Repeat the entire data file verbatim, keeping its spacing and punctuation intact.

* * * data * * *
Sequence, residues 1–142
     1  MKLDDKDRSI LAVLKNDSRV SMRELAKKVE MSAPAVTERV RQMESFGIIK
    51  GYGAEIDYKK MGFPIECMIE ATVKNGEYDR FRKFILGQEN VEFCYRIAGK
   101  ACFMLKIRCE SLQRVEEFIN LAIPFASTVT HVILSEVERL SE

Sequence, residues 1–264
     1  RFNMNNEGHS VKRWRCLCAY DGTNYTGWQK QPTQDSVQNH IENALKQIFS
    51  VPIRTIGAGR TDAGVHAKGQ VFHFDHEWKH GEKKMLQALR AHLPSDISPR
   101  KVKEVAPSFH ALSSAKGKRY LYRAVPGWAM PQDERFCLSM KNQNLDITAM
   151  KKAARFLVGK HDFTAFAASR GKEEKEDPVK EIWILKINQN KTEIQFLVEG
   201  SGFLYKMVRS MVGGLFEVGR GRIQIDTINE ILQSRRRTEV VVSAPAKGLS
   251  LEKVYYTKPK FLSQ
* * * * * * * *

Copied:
Sequence, residues 1–142
     1  MKLDDKDRSI LAVLKNDSRV SMRELAKKVE MSAPAVTERV RQMESFGIIK
    51  GYGAEIDYKK MGFPIECMIE ATVKNGEYDR FRKFILGQEN VEFCYRIAGK
   101  ACFMLKIRCE SLQRVEEFIN LAIPFASTVT HVILSEVERL SE

Sequence, residues 1–264
     1  RFNMNNEGHS VKRWRCLCAY DGTNYTGWQK QPTQDSVQNH IENALKQIFS
    51  VPIRTIGAGR TDAGVHAKGQ VFHFDHEWKH GEKKMLQALR AHLPSDISPR
   101  KVKEVAPSFH ALSSAKGKRY LYRAVPGWAM PQDERFCLSM KNQNLDITAM
   151  KKAARFLVGK HDFTAFAASR GKEEKEDPVK EIWILKINQN KTEIQFLVEG
   201  SGFLYKMVRS MVGGLFEVGR GRIQIDTINE ILQSRRRTEV VVSAPAKGLS
   251  LEKVYYTKPK FLSQ